Category Archives: Theater

Mirrored on the Stage: A Selection of Books on African and African-Diaspora Theater

Stories are an integral part of how we understand our communities—both their histories and our place within them. Theater is uniquely suited to this function, as every dramatic performance creates space removed one step from reality. On the stage, we can explore not just who we are, but who we might be.

A highlight of Telling Our Stories of Home, an ongoing 6-day conference-festival that brings artists, activists, and scholars together to examine the concept of “home” in African and African-Diaspora communities, will be the performance of Torn Asunder, a specially commissioned play based on the book Help Me to Find My People by Heather Williams, that focuses on the quest of African-American families to reunite after the Civil War.

It is from Torn Asunder that we take our cue, providing some complementary resources that expand on the intersection of theater and TOSH’s theme of “home.” The following list consists of a small selection of the Stone Center Library’s theater-related books that we hope will spur your imagination and curiosity in this fascinating and vital discussion. All quoted summaries are taken from the UNC-CH library catalog.

Continue reading

New @the SCL: Women & Theater

Thanks to a recent donation from UNC-CH Department of Dramatic Art professor Kathy A. Perkins, the SCL now has several new titles on and by female playwrights. Check out:

Perkins, Kathy A. African Women Playwrights. Urbana: U of Illinois P, c2009.

Perkins, Kathy A. Black Female Playwrights : An Anthology of Plays Before 1950. Bloomington: Indiana UP, c1989.

Perkins, Kathy A. Black South African Women : An Anthology of Plays. Cape Town: U of Cape Town P, 1999.

Perkins, Kathy A., and Judith L. Stephens. Strange Fruit : Plays on Lynching by American Women. Bloomington: Indiana UP, c1998.

Perkins, Kathy A., and Roberta Uno. Contemporary Plays by Women of Color : An Anthology. London : Routledge, 1996.

Trying to find more titles on this topic? Here’s a hint: click on any of the links above, select the “Subjects” tab that appears in the catalog records, and several hyperlinked subjects will appear. Clicking on these subjects will lead you to any other books in the UNC catalog in that category.

So for example, Black South African Women : An Anthology of Plays is listed under the following subject headings:

Interested in reading more South African plays written in English? One option is South African drama (English), which leads to this list of titles. These results can be further refined using the check-boxes on the left-hand side of the screen, for everything from location to format to date of publication, and so forth.

Happy searching!

New @the SCL, Part 2: The Arts!

Welcome back, faithful readers! Yesterday we posted the first of three listings of new books currently on display here at the Stone Center Library. Today’s new titles cover a wide range of the arts, including dance, film, music, and visual arts.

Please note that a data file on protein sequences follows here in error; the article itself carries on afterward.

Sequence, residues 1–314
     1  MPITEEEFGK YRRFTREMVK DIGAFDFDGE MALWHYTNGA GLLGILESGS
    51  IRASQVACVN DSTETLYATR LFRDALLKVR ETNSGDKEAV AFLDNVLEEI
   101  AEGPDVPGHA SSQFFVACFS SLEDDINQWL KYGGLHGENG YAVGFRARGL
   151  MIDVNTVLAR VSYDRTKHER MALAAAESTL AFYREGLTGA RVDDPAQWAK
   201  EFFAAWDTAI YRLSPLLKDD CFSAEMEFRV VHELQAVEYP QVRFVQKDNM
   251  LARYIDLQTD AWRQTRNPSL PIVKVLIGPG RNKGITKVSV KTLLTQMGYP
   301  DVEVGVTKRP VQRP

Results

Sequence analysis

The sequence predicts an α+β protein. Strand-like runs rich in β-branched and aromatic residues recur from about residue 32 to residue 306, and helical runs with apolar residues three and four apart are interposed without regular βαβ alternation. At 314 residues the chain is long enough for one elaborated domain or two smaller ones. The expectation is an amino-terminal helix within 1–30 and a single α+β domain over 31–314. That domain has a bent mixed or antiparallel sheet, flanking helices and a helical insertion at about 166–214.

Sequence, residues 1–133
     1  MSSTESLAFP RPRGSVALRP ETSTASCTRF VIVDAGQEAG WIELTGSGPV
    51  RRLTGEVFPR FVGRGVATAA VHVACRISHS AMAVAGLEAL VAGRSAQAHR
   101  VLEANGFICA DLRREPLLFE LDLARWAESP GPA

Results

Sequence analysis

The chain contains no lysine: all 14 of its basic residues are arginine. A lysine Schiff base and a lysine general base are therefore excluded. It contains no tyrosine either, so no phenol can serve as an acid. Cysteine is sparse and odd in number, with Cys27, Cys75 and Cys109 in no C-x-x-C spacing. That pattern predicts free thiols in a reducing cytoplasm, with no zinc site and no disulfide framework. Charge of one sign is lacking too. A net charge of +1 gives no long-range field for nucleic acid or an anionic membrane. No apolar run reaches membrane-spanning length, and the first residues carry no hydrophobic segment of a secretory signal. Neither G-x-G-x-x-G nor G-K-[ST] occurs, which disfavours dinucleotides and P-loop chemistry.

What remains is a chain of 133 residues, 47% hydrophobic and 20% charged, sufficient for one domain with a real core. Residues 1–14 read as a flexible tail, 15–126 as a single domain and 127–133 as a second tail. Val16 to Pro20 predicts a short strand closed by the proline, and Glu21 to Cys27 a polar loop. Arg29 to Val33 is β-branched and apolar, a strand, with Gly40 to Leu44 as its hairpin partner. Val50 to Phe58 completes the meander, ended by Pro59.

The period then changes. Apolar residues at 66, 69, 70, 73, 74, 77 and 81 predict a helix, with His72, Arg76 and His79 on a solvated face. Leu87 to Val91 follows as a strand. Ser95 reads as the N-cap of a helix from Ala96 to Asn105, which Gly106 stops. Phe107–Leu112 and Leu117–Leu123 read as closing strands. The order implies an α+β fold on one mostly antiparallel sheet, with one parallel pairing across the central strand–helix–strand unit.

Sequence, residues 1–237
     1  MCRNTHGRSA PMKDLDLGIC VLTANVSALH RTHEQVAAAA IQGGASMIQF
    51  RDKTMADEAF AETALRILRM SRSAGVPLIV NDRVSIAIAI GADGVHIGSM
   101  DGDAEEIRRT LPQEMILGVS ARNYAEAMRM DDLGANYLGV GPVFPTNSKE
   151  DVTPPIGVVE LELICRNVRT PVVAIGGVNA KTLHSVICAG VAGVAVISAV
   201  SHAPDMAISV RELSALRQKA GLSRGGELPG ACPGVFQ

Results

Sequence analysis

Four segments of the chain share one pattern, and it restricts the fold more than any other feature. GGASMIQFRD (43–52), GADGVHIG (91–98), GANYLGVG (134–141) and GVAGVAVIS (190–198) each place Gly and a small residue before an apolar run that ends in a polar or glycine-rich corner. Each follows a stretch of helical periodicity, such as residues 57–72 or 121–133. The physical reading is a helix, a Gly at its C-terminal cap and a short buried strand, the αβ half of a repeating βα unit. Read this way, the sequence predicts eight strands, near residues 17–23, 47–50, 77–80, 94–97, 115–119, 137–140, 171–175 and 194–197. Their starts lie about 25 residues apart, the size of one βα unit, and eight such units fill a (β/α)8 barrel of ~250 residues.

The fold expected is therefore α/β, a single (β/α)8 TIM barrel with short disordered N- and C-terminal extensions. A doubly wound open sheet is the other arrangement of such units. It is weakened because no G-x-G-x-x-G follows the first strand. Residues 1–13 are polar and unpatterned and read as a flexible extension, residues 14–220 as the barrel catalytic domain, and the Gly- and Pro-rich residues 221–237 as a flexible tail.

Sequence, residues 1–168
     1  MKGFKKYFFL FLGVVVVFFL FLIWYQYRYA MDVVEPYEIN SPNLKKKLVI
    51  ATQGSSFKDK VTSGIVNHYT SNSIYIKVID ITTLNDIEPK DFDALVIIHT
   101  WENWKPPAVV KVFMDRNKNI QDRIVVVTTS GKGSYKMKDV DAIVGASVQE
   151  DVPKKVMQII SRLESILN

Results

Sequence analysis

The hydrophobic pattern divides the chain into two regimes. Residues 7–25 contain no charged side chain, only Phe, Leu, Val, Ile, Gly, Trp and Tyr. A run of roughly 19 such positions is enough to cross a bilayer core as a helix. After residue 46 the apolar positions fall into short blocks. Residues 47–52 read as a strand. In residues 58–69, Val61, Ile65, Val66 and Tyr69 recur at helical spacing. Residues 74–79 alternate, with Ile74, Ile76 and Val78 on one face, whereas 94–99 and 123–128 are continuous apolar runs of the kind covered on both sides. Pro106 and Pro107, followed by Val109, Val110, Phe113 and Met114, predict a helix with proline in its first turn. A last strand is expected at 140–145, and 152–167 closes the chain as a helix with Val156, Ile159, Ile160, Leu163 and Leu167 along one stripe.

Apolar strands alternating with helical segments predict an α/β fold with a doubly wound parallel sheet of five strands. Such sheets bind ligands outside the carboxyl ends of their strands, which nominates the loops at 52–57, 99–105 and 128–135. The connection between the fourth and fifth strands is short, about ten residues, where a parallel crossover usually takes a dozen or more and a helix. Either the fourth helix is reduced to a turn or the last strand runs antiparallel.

The Devil Finds Work (James Baldwin)

Horror Noire: Blacks in American Horror Films from the 1890s to Present (Robin R. Means Coleman)

Black Social Dance in Television Advertising: An Analytical History (Carla Stalling Huntington)

Marion D. Cuyjet and Her Judimar School of Dance: Training Black Ballerinas in Black Philadelphia 1948-1971 (Melanye White Dixon; with a Foreword by Lynette Young Overby)

The Dance Claimed Me: a Biography of Pearl Primus (Peggy & Murray Schwartz)

The Life, Art, and Times of Joseph Delaney, 1904-1991 (Frederick C. Moffatt)  

A to Z of African Americans: African Americans in the Visual Arts (Steven Otfinoski)

Back in the Days: Remix (Photographs by Jamel Shabazz)

Slaves Waiting for Sale: Abolitionist Art and the American Slave Trade (Maurie D. McInnis)

Intrigued by any of the above titles? Click on the links for a brief summary or come by the Library and peruse at your leisure!

Coming tomorrow: post three of three, featuring a bevy of hot topics such as religion, gender studies, and more… stay tuned!


Have you been by the Stone Center Library lately? If so, you’ve hopefully noticed our new display:

Our latest selection of recently acquired books features titles related to African Americans in American culture, in keeping with our recent event with UNC history professor “Fitz” Brundage:

All titles are available here at the library and we encourage you to come by and check them out. Happy reading, and have a great weekend!

Photos from Professor Brundage’s 11/1 lecture

Thanks to everyone who came out to Professor Brundage’s booktalk on the first of the month! We hope you all found his lecture informative and thought-provoking and we encourage you all to take another look at Stone Center Librarian Shauna Collier’s  list of related books available here at the SCL if this is a topic you wish to explore further.

TODAY at 5:00pm in Wilson: Beyond Blackface booktalk… plus related UNC resources

We hope you’re all excited for TODAY’S book talk with UNC history professor “Fitz” Brundage, as he discusses his latest book, Beyond Blackface: African Americans and the Creation of American Popular Culture, 1890-1930 (UNC Press 2011).

Event details (also available on Facebook):


5:00pm Reception | Main Lobby, Wilson Library

5:30pm Program | Pleasants Family Assembly Room

Free and open to the public

In anticipation of this event, Stone Center Librarian Shauna Collier has put together a list of related books available at UNC libraries. Check it out!

Happy reading, and we hope to see you TODAY at 5pm in Wilson Library!

Save the date: Tuesday, Nov. 1st @5pm, African Americans and the Creation of American Popular Culture

Save the date! On Tuesday, November 1st, UNC history professor Fitzhugh Brundage will deliver a lecture on the history of African Americans in American popular culture. The talk will will take place at 5:30pm in the Wilson Special Collections Library, with a reception at 5:00pm. This event is FREE  and open to the PUBLIC